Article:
An Archaeology of Fidget Spinners

Ah, fidget spinners, the ubiquitous and dividing product of our times. I don't know when I first became aware of their existence, but I am very aware of that existence now. You've probably seen them; if not being played with by idle hands then in one of the many articles bemoaning their questionable mental health… Continue reading An Archaeology of Fidget Spinners


#PATC An Island Archaeology of The Legend of Zelda: The Wind Waker

This is the companion blog post to my presentation for the Public Archaeology Twitter Conference, as part of the archaeology and media theme. Abstract Bibliography Screenshots, images and gifs All screenshots, images and gifs were captured/created by the author Video game case study Nintendo EAD. (2002).The Legend of Zelda: The Wind Waker. [Videogame]. Kyoto: Nintendo… Continue reading #PATC An Island Archaeology of The Legend of Zelda: The Wind Waker

Archaeogaming, Uncategorized

Barriers to entry in archaeogaming

I started to write this piece last August when No Man’s Sky was first released-the only reason I had access to the game was because my partner had happened to buy it and I could borrow his laptop on the weekends. It occurred to me that the cost of videogames is a significant barrier to… Continue reading Barriers to entry in archaeogaming

Archaeology, Politics

The Archaeologist: a ‘citizen of nowhere’

Theresa May, British Prime Minister, AKA Margaret Thatcher 2.0, recently gave a ‘lesson’ on the definition of citizenship at the Tory Party Conference. According to May:   “[I]f you believe you’re a citizen of the world you’re a citizen of nowhere. You don’t understand what the very word ‘citizenship’ means.”   For many of us,… Continue reading The Archaeologist: a ‘citizen of nowhere’

Archaeology, Fieldwork

The embodied experience of the archaeologist

It’s 5:30am. You stumble out of bed, almost trip over your work boots in the dark and stagger to the bathroom. The ‘clean’ t-shirt you slip on was washed by hand and your work trousers have a few mysterious marks on them you hope no one will notice. Before leaving for a day of fieldwork,… Continue reading The embodied experience of the archaeologist

Archaeogaming, Archaeology, Worldbuilding

World-building in archaeology: from the ‘Yard’ or the ‘Heavens’

Henry VIII. Augustus. Napoléon Bonaparte. What do these three individuals have in common? They are synonymous with certain periods of history in Western Europe. They are also all white male rulers. Such historical figures are frequently used as touchstones when attempting to construct an impression of the past, and there are several good reasons for… Continue reading World-building in archaeology: from the ‘Yard’ or the ‘Heavens’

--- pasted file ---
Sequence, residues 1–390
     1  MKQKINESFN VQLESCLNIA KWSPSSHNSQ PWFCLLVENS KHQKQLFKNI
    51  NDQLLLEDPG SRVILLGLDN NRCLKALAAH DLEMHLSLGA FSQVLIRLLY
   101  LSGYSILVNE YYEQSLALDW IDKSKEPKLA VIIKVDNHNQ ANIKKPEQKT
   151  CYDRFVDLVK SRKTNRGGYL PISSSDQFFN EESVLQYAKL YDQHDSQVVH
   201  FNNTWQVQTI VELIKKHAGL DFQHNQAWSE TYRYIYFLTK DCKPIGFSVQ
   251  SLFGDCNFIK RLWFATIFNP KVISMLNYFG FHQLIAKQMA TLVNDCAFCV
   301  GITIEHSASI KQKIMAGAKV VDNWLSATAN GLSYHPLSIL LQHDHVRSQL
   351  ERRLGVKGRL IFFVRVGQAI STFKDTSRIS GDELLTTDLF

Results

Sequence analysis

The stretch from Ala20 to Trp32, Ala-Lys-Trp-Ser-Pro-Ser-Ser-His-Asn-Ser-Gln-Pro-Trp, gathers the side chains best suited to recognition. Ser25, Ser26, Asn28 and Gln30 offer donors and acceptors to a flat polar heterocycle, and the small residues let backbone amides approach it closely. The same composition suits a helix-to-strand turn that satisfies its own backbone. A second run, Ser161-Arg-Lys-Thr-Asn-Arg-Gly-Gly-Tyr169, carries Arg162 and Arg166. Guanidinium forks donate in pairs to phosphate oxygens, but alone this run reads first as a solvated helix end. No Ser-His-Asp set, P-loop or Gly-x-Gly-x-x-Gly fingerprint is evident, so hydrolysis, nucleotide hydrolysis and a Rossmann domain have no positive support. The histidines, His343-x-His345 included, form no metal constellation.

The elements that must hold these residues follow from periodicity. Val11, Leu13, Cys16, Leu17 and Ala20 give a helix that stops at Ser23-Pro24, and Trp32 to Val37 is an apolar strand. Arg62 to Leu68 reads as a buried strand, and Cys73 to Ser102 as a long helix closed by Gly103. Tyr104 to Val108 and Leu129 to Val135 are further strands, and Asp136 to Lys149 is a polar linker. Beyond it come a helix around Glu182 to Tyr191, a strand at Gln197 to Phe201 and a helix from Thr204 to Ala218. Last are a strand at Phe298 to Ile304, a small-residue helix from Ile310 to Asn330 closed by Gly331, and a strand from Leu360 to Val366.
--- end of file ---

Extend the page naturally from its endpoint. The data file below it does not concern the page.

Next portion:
Archaeology, Europe

The memories that #Remain

I could write a long essay about why we should all vote tomorrow to stay in the EU, but I doubt you'd read it. Instead, I've 'curated' a collection of photographs I've taken over the years during holidays and time working abroad in the EU. These constitute but mere fragments of unfathomable memories that I… Continue reading The memories that #Remain

Archaeology, Museums, Review

Sunken Cities: the submerged review

Image: 'Sun through kelp' by Benjamin Hollis (CC BY 2.0) Last Saturday, I was lucky enough to visit the British Museum’s latest blockbuster exhibition: Sunken Cities: Egypt’s Lost Worlds. A tale of two cities, it explores the underwater discovery of Thonis-Heracleion and Canopus, likely to have been founded in the 7th century BC but then… Continue reading Sunken Cities: the submerged review

Archaeology, Worldbuilding

Worldbuilding in archaeology

Image: Maze #3 by Robson# (CC BY 2.0) Whether you’re writing high fantasy or hard science fiction, you’d better be sure you have the kinks of your world ironed out (or alternatively, emphasised to their full lurid potential), otherwise the reader will soon cease to suspend their disbelief. It’s no good having your protagonist discover… Continue reading Worldbuilding in archaeology

Archaeology, Games

Digging up my past: magazines as artefacts

Last weekend, I went home for Easter. Most of the discoveries I made during that time were edible in nature, but some related to my own personal history. Despite expecting the long weekend to be a break from archaeology, it actually resulted in me confronting an unconventional form of fieldwork.   My old bedroom is… Continue reading Digging up my past: magazines as artefacts